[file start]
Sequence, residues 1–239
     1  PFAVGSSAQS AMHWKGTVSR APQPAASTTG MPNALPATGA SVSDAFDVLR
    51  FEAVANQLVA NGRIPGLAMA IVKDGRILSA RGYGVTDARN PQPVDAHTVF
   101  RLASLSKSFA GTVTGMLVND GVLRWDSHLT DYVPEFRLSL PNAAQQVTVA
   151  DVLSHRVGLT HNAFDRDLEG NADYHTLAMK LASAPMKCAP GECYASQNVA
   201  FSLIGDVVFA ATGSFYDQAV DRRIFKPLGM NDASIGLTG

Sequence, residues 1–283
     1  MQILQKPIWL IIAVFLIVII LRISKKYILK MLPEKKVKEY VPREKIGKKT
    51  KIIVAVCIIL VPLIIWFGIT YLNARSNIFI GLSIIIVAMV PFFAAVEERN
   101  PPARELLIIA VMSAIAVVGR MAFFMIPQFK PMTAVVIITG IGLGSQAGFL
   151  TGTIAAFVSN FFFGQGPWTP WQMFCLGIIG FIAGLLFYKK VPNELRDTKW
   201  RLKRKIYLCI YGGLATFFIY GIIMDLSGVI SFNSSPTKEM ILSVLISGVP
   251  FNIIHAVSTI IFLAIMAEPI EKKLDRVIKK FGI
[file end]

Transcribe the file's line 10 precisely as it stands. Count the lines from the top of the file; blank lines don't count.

   101  PPARELLIIA VMSAIAVVGR MAFFMIPQFK PMTAVVIITG IGLGSQAGFL